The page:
They are both correct and used in written and spoken Polish. I think the infinitive form was considered wrong in the past, but now it is legit :) The construction with infinitive is more simple, as it is gender neutral. Maybe your book forces you to use the past form of a verb, so you can learn genders better?
Rules of Polish language state* that you can't use infinitive with modal verbs, so „będziesz móc mieć”, doesn't exist and in such case the only option is past tense form, so either „będziesz mogła mieć” or „będziesz mógł mieć”(ie. we avoid double infinitive).
Other than that, both forms are equally valid. The infinitive form is actually older and comes from Proto-Slavic and in many Slavic languages is the only option for future tense; the to be + past form is a later Polish innovation(and I think it also spread to Kashubian, but I'm not sure).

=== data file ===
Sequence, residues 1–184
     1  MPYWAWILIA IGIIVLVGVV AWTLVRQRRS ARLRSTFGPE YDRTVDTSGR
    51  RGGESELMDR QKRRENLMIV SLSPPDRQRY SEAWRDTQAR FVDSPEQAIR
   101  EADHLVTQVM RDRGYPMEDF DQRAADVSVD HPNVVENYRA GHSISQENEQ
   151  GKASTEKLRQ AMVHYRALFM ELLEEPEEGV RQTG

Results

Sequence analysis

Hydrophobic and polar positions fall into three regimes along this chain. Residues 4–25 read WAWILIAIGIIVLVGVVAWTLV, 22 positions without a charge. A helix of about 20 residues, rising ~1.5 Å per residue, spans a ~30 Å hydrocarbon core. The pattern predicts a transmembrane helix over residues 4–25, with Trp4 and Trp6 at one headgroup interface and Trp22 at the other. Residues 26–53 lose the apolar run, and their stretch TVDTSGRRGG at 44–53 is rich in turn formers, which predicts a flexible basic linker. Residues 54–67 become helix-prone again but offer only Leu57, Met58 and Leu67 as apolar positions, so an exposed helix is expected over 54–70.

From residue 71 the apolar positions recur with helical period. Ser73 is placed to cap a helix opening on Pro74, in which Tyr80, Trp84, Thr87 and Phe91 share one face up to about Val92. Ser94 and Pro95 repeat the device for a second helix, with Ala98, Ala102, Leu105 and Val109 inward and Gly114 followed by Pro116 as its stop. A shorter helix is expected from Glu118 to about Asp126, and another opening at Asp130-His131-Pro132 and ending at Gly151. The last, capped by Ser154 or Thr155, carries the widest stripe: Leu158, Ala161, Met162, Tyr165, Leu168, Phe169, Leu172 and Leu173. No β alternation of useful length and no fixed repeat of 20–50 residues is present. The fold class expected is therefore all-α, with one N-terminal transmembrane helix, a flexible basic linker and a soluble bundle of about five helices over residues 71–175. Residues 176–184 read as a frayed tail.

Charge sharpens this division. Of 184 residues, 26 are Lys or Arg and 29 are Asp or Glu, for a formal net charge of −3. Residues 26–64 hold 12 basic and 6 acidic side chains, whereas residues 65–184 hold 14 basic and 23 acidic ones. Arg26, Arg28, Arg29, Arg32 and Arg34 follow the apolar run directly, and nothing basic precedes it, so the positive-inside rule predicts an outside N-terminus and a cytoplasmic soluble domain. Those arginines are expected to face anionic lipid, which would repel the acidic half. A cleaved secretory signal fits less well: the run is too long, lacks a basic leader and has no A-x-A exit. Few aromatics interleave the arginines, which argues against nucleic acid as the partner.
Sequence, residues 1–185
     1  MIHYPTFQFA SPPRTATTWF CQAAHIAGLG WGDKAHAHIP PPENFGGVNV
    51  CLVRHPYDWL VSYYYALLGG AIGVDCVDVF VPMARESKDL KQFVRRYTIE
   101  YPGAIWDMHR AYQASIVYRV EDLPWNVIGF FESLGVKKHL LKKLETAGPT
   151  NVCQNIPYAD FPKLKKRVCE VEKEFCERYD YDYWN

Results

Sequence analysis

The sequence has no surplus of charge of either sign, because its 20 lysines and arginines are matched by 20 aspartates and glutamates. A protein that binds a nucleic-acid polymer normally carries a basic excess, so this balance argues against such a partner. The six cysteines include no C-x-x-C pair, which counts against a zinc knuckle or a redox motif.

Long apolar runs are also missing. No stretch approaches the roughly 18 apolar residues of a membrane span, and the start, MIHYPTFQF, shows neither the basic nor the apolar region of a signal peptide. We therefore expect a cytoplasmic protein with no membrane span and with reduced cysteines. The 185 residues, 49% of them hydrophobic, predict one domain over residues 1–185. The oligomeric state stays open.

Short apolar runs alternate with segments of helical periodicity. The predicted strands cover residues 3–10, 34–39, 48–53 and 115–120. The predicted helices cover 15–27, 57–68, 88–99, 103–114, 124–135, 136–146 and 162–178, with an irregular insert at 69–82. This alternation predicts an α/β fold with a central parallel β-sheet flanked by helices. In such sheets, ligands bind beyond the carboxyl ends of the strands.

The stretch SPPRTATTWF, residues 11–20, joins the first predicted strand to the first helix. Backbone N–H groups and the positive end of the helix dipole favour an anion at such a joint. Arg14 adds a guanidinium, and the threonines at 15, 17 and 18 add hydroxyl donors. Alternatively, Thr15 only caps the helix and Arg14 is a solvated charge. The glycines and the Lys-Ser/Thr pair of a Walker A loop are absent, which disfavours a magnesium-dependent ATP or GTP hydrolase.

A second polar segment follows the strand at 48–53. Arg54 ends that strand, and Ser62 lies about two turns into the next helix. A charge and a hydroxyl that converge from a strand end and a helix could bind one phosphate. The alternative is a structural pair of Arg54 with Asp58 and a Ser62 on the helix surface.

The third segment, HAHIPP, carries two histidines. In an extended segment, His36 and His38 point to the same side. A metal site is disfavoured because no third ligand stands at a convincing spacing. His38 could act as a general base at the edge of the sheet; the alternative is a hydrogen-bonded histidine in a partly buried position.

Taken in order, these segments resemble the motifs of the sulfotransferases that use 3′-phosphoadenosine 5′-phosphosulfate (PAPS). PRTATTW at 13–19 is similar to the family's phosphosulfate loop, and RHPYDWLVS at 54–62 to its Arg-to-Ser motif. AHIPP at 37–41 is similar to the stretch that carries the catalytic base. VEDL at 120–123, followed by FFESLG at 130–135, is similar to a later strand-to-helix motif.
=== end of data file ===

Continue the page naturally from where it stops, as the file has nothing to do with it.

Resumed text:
* – At least according to poradnia PWN.
It doesn't clear up much. In Polish "Czy zamierzasz to jeść?" would mean something like "Are you you really sure that you are going to eat it?" so I would rather say "Czy będziesz to jeść?" if I want to simply ask. "Czy zamierzasz (or better: "planujesz") mieć nowy komputer?" would mean "Do you plan to have a new computer?". Would you use "going to" then?
I'm fairly sure I've heard Irish English speakers use the rare Future Continuous form "You'll be having a..." to mean "You will own a...". Without the Irish accent it sounds rather quaint, however, so most learners of English as a foreign language will prefer to avoid it.